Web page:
20/09/2005 - 22:00

Quality reigns in the valley

20/09/2005 - 22:00


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The largest and most successful Swan Valley Wine Show in the event’s history has underlined the region’s increasing status as a producer of premium wines.

Quality reigns in the valley

The largest and most successful Swan Valley Wine Show in the event’s history has underlined the region’s increasing status as a producer of premium wines.

Held last week at the Vines Resort and Country Club, the event was marked by the rise in quality of wines across the board.

The first Swan Valley Wine Show was held in 1989. This year, more than 250 wines were presented to a panel of wine judges adjudicating across 15 categories, three more than last year.

Head of judges this year, Tony Devitt, said the 2005 show proved “uniquely successful”.

An industry veteran of 30 years and winemaker at Ashbrook Estate, Mr Devitt said the awards field represented a vast improvement in the quality of Swan Valley wines.

“I was very impressed with general standard,” Mr Devitt said. “The whites this year were particularly good.

“The further we go in the judging process, the less grossly faulty wines we encounter. There are advances in quality being made all the time.”

Special guest judge this year was Aldo Bratovic from South Australia. Reiterating Mr Devitt’s comments, Mr Bratovic told Gusto he was pleasantly surprised by the quality of the wines he saw.

“The standard was very good,” he said. “For me, the show reinforced the extraordinary quality of verdelho in this region. I was struck by its complexity.”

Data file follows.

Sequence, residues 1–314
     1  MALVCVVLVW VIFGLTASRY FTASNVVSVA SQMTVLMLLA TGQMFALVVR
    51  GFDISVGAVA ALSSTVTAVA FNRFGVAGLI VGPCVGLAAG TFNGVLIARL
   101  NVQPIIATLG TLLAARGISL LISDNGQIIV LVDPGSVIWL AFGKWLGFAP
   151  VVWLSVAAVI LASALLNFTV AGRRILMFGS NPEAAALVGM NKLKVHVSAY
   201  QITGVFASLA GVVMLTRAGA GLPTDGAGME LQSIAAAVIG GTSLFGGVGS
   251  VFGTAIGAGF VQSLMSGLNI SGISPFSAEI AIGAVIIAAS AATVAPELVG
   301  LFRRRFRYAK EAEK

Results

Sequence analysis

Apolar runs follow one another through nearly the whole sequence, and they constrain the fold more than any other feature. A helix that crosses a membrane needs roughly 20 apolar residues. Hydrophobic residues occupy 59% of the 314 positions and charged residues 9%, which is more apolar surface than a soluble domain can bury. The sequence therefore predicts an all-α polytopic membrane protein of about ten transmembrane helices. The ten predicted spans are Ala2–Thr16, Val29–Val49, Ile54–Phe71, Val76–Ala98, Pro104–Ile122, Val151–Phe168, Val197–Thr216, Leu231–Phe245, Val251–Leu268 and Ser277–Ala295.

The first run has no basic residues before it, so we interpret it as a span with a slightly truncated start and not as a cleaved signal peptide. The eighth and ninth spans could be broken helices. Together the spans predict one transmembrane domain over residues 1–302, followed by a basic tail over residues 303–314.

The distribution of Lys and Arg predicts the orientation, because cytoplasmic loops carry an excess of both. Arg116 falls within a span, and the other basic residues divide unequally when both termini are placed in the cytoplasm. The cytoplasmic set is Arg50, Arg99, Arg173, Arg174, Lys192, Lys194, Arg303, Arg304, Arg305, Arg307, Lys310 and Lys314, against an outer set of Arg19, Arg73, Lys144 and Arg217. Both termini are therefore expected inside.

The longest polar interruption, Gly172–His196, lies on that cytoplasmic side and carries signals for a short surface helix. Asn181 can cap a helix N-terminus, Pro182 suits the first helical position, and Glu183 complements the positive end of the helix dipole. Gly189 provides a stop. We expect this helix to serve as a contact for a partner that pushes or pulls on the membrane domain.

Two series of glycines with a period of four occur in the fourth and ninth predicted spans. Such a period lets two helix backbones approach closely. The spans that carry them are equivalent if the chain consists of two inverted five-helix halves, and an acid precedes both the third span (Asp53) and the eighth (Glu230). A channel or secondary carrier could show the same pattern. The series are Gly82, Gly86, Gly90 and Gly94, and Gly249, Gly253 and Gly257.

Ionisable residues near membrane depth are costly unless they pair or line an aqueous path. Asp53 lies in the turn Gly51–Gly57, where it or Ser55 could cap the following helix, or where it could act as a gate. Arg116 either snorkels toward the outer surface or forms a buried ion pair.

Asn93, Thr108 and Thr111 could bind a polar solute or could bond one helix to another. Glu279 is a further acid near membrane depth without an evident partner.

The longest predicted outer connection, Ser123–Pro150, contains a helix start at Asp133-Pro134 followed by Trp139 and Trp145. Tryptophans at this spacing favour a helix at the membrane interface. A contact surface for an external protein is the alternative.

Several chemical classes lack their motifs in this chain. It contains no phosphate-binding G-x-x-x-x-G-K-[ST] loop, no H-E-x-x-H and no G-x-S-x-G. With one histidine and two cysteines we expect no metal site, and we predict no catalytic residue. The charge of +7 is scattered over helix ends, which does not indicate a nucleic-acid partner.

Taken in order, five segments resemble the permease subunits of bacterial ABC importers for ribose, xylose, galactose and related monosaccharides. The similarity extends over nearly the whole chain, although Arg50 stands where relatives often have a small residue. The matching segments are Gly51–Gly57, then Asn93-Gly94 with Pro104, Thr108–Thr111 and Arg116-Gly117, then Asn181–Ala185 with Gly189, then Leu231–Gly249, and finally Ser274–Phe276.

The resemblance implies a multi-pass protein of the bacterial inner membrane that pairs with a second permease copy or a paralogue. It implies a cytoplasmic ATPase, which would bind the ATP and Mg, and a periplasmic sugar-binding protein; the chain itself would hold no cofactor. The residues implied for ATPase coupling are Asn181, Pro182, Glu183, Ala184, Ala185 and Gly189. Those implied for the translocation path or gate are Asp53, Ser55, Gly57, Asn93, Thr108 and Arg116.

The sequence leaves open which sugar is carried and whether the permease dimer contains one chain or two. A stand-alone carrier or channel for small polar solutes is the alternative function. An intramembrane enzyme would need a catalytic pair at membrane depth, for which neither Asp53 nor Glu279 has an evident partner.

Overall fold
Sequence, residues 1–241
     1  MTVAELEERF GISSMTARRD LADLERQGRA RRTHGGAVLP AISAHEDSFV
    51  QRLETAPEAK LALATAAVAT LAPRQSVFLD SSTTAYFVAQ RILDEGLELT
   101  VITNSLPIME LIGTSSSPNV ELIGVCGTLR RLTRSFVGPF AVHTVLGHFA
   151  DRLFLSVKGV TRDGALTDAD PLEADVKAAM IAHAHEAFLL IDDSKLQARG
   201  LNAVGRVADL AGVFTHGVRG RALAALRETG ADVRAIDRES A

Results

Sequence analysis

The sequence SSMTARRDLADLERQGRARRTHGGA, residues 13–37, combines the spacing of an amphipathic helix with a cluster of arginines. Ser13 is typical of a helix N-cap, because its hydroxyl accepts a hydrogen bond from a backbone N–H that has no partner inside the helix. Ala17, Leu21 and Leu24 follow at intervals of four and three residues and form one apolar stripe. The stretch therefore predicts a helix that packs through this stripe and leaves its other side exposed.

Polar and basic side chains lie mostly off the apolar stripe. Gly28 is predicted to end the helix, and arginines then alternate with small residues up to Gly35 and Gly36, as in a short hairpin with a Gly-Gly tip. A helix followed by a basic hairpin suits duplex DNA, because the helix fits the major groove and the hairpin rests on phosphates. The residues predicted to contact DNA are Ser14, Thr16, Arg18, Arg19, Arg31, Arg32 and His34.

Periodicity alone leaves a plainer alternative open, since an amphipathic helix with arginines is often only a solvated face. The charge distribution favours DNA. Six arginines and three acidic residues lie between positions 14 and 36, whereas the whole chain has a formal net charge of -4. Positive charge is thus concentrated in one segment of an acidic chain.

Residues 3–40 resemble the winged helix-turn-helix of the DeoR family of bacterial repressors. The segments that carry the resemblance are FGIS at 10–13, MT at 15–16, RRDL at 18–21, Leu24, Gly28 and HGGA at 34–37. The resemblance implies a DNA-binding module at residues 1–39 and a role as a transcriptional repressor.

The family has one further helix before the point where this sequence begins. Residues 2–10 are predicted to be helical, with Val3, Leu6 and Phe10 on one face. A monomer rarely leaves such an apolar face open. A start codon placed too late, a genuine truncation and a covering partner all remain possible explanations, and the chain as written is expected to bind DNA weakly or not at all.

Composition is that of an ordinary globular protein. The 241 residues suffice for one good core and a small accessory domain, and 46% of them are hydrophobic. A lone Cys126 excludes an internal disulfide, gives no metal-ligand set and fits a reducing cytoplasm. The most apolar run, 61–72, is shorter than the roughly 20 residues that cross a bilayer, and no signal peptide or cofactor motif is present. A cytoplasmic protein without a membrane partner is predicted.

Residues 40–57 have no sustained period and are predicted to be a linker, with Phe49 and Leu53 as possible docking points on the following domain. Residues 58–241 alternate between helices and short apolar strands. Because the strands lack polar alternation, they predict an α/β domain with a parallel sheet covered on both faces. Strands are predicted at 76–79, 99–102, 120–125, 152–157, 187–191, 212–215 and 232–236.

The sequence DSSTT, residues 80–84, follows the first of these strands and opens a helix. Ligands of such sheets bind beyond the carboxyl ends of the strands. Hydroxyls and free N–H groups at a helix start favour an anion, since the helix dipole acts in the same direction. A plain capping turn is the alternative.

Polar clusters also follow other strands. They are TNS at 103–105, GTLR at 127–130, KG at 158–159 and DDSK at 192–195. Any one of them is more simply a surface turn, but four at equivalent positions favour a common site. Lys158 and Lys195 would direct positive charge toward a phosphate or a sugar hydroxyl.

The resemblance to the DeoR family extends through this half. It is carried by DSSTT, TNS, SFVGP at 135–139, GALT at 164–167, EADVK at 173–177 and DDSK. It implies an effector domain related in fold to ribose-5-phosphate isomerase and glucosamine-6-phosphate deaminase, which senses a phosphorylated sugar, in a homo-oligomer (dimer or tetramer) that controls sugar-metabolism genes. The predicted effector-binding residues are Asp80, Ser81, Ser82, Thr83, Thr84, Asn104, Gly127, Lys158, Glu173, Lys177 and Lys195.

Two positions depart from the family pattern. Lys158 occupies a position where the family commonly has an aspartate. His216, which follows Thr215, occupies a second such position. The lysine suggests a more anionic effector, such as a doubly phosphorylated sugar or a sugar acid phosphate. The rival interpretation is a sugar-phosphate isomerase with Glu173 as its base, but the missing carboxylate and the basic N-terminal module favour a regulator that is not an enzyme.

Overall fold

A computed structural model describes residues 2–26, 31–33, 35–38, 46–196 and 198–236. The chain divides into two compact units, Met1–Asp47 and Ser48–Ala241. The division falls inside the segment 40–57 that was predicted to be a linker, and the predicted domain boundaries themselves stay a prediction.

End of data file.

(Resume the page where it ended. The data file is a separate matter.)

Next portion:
Citing the cabernet classes as surprisingly strong this year, both men were quick to confirm that the fortified styles were again outstanding.

“They [fortified wines] are a dying craft,” Mr Bratovic said. “They are extraordinary styles, some of which are not being produced anywhere else in the world.”

Both judges reinforced the importance of such show events for growing regions including the Swan Valley.

“Judging these shows provides a service to the industry. It is easy to begin to identify your wine with a myopic view of the world and as a winemaker you need to get out of that mindset,” Mr Bratovic said.

“We are trying to point out the best of breed so that our contemporaries then can identify the best wines as their target.”

Mr Devitt said the judging system helped makers look at their wines in terms of show standards.

The Swan Valley is a bit of an enigma on the Australia wine map. It is the hottest major wine-producing region in the country, and one of the oldest, with grapes having been grown since the early days of the colony.

But from heat comes challenge and opportunity to create something truly unique.

As Wine Industry Association of Western Australia president John Griffiths said during his address to the awards, the challenge now was to cement the Swan as a premium wine region.

And, to that end, the established names of the Swan are the driving forces behind this wine revolution, with the awards dominated by the likes of Talijancich, Kosovich and Lamont.

But the night truly belonged to James Talijancich.

His 1998 Verdelho Reserve won four individual awards – best verdelho, best Swan Valley table wine, best dry white table wine, and the sought after best wine of show.

Talijancich Wines was also named the show’s most successful exhibitor.

Best shiraz went to the 2003 Western Range Julimar Shiraz Viognier, which was also judged the best dry red table wine.

Topping a field of unprecedented quality in the fortified styles was John Kosovich Wines, which was named the most successful exhibitor of fortified wines.

The best old vines wine award was won by the non-vintage John Kosovich Liqueur Muscat. A wine of seemingly irrepressible character, it was also judged to be the show’s best fortified wine.

Swan Valley stalwart Dorham Mann finished proceeding with a moving speech on the valley and its future.

Mr Mann, son of the legendary Jack Mann, said it was important the community remained true to its roots, regardless of the continued growth and expansion.


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